In order to meet the goals, needs, and demands of each person that will walk through our doors we must have a solid understanding and complete mastery of the Nine Governing Principles of Exercise Science. These principles provide the scientific rational for personal training, strength and conditioning, athletic training, physical therapy, sports medicine, etc.

Too often trainers find themselves getting stuck in a rut or lose focus of the importance of exercise selection and programming. Below is a quick reference list of the Nine Governing Principles of Exercise Science.

Overload - For the body to make changes it must be challenged and stressed. Overload is simply performing more repetitions than were performed in the last workout or using a heavier resistance that you are accustomed to for a specific exercise or adding more time or distance to a cardiorespiratory bout than previously performed. Remember, there are three components to this principle: 1) Alarm, 2) Reaction, 3) Exhaustion.

Specificity - Often referred to as the SAID principle (Specific Adaptation to Imposed Demands). This means that the body will specifically adapt to the type of demands placed on it. By controlling the stimulus you can control the outcomes. You get out of training what you put in. Remember, there are three components to this principle: 1) Mechanical, 2) Neuromuscular, 3) Metabolic.

Progression - In order to have a sound training program there must be a systematic and logical progression to the selection and advancement of exercises.

Variation - Variety is important in your exercise selection but never let your excitement about a new piece of equipment or movement pattern dictate your exercise selection.

Individuality - Personal training is exactly that, personal. Every client you train brings to their session their own individual set of strengths, weaknesses, muscular imbalances, level of flexibility, VO2 score, joint issues, stresses, hydration levels, blood sugar levels, goals, needs, etc. This principle helps illustrate the point that there should NEVER be a time when a program should be duplicated all day long with each client you train.

Diminishing Returns -This principle is best illustrated through the example of a client that needs to lose a 100 pounds, the first 80-90 will be the easiest for them to lose but the last 10 will be the most difficult. The point here being that as a client gets closer to reaching their goals the goal becomes more challenging to attain. Thus reaching the goal becomes even more dependent on good sound program design and the inclusion of the Nine Governing Principles of Exercise Science.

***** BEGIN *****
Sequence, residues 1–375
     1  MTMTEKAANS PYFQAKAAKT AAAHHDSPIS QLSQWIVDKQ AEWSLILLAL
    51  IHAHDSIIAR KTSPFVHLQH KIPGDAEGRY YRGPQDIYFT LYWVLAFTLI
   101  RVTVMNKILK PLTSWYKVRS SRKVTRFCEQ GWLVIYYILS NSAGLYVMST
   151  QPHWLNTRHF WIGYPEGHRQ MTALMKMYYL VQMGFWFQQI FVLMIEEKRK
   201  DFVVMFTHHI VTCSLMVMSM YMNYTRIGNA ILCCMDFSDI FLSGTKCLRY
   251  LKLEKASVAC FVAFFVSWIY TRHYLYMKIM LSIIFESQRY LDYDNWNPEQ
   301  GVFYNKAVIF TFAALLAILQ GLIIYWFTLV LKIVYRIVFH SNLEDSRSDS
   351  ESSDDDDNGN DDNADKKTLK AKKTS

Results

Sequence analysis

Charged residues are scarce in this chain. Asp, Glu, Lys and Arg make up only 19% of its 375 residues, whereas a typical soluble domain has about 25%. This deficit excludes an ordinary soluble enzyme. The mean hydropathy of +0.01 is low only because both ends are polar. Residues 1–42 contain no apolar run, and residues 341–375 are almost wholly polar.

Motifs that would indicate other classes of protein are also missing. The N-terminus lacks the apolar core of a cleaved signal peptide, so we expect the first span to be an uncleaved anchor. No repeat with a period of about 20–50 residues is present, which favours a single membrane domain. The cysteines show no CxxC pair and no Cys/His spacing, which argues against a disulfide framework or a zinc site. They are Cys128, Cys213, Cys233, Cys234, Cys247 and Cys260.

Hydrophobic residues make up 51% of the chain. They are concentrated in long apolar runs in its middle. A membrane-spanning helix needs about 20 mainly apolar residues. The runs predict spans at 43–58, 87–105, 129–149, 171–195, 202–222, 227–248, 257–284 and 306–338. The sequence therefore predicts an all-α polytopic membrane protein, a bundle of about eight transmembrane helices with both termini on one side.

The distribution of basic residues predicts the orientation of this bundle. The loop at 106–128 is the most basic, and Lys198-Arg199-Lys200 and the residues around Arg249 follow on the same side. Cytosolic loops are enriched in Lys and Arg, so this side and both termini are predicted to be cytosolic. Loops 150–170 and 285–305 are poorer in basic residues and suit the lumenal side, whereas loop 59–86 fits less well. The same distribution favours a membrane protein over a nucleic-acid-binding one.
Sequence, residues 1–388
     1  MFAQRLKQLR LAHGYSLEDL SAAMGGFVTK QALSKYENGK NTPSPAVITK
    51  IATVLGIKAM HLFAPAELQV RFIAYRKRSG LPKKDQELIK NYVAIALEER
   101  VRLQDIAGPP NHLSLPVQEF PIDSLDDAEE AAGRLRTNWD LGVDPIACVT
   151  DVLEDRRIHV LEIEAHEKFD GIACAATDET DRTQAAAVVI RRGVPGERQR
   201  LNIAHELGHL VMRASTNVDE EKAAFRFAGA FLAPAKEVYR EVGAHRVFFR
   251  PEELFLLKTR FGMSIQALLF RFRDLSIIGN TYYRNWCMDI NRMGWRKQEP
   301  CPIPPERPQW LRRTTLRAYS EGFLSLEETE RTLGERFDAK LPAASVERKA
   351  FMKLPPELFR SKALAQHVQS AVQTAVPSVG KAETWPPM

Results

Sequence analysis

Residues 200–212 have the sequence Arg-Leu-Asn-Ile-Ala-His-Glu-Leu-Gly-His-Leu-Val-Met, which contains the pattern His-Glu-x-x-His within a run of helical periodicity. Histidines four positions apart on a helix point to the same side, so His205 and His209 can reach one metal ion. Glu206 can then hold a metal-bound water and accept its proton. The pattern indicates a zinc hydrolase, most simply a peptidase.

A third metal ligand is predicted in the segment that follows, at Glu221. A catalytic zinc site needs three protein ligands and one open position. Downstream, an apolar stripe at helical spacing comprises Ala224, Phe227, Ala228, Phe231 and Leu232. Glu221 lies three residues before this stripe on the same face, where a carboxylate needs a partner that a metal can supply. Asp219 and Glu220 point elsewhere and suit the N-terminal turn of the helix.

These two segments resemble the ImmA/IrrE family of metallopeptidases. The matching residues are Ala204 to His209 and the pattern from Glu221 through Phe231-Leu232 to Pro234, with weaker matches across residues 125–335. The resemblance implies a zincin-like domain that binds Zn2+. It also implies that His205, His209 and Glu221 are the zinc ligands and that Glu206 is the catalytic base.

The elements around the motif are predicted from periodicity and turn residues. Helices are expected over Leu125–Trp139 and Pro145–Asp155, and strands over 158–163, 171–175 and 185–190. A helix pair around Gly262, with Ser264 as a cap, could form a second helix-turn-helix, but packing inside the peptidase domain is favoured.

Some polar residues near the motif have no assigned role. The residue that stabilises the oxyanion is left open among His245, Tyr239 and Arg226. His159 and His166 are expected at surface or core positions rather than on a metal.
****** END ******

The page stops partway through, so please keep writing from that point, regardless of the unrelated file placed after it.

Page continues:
Reversibility - This is easy to recognize and simple to regain. When your client chooses to stop exercising for any period of time there will be losses in their flexibility, cardiorespiratory, muscular strength and muscular endurance abilities. Here the old adage is true "if you don't use it you will lose it." Remember to perform a quick static and dynamic postural assessment on your client each time they come in for their training sessions, especially if there has been a lapse in their normal training schedule.

Recovery - In order to prevent "over training" (the "exhaustion" phase of overload) it important to take into account your client's ability to recover. Recovery includes both rest (sleep) and nutrition. If either are off they will not be able to fully repair the damage (micro-trauma) from their workouts.

Safety - This is always paramount. Safety can wear many hats for including but not limited to environment, equipment, and exercise selection. There needs to a larger awareness placed on the safety of exercise selection. I have seen many clients perform many a frightening exercise of late because their trainer told them to or they saw it online, etc. We have to remember as fitness professionals that our clients will do what we ask of them because they trust us and feel that we always have their best interest in mind. If you cannot or would not perform the exercises yourself then you should not ask your clients to do the same. For example, Is running up and down an un-manicured hill with arms overhead holding a 10-15 pound medicine ball as quickly as you can an example of a safe and effective exercise? When in doubt, ask yourself "yes, but why would you?" If you cannot provide a sound and logical explanation that is rooted in science perhaps you are not choosing the best exercises.